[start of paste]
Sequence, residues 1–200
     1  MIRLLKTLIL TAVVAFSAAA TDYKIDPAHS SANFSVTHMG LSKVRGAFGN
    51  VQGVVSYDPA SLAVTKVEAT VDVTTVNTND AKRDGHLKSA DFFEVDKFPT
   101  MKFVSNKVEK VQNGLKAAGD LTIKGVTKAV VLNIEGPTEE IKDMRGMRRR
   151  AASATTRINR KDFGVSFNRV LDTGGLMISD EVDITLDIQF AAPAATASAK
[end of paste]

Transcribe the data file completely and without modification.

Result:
Sequence, residues 1–200
     1  MIRLLKTLIL TAVVAFSAAA TDYKIDPAHS SANFSVTHMG LSKVRGAFGN
    51  VQGVVSYDPA SLAVTKVEAT VDVTTVNTND AKRDGHLKSA DFFEVDKFPT
   101  MKFVSNKVEK VQNGLKAAGD LTIKGVTKAV VLNIEGPTEE IKDMRGMRRR
   151  AASATTRINR KDFGVSFNRV LDTGGLMISD EVDITLDIQF AAPAATASAK